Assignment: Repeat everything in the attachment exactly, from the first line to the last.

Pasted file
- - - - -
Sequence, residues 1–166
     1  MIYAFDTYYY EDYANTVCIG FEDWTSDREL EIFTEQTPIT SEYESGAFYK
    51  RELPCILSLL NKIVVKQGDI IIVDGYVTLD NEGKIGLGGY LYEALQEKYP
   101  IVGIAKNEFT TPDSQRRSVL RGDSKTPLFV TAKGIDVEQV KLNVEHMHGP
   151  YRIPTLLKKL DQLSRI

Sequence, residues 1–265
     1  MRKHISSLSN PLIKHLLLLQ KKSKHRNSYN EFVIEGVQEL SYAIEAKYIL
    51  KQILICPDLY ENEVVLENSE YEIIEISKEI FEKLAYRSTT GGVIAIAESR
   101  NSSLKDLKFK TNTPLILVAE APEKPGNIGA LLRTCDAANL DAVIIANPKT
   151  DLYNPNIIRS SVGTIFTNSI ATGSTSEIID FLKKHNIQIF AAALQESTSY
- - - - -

Sequence, residues 1–166
     1  MIYAFDTYYY EDYANTVCIG FEDWTSDREL EIFTEQTPIT SEYESGAFYK
    51  RELPCILSLL NKIVVKQGDI IIVDGYVTLD NEGKIGLGGY LYEALQEKYP
   101  IVGIAKNEFT TPDSQRRSVL RGDSKTPLFV TAKGIDVEQV KLNVEHMHGP
   151  YRIPTLLKKL DQLSRI

Sequence, residues 1–265
     1  MRKHISSLSN PLIKHLLLLQ KKSKHRNSYN EFVIEGVQEL SYAIEAKYIL
    51  KQILICPDLY ENEVVLENSE YEIIEISKEI FEKLAYRSTT GGVIAIAESR
   101  NSSLKDLKFK TNTPLILVAE APEKPGNIGA LLRTCDAANL DAVIIANPKT
   151  DLYNPNIIRS SVGTIFTNSI ATGSTSEIID FLKKHNIQIF AAALQESTSY